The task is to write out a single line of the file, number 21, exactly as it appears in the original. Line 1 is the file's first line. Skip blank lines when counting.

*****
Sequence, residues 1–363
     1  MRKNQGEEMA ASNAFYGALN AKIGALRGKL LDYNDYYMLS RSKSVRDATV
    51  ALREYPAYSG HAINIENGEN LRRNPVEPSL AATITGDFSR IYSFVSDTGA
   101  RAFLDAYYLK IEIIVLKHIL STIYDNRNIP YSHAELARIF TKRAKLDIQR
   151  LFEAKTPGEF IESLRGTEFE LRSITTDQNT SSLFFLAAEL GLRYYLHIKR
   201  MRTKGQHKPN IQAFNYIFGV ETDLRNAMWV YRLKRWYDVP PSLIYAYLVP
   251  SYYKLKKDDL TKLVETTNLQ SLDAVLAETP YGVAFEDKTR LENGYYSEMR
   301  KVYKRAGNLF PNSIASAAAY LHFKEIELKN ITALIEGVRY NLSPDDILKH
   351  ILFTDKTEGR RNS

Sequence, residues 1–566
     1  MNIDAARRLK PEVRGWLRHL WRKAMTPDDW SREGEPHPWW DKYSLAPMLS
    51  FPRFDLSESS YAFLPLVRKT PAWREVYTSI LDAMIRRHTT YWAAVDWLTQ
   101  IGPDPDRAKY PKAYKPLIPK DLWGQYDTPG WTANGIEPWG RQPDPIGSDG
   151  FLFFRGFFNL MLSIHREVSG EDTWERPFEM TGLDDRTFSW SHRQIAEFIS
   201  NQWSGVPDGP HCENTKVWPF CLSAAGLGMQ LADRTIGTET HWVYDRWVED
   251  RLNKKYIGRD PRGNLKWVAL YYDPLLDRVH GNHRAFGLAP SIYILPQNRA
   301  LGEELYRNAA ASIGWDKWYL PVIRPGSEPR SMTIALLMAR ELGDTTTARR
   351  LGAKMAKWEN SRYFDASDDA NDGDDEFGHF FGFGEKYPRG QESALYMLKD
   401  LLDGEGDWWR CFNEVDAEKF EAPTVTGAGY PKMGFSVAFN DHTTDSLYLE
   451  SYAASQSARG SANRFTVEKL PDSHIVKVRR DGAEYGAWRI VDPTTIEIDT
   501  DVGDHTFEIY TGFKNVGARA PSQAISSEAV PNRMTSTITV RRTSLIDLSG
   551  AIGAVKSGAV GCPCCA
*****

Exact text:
   501  DVGDHTFEIY TGFKNVGARA PSQAISSEAV PNRMTSTITV RRTSLIDLSG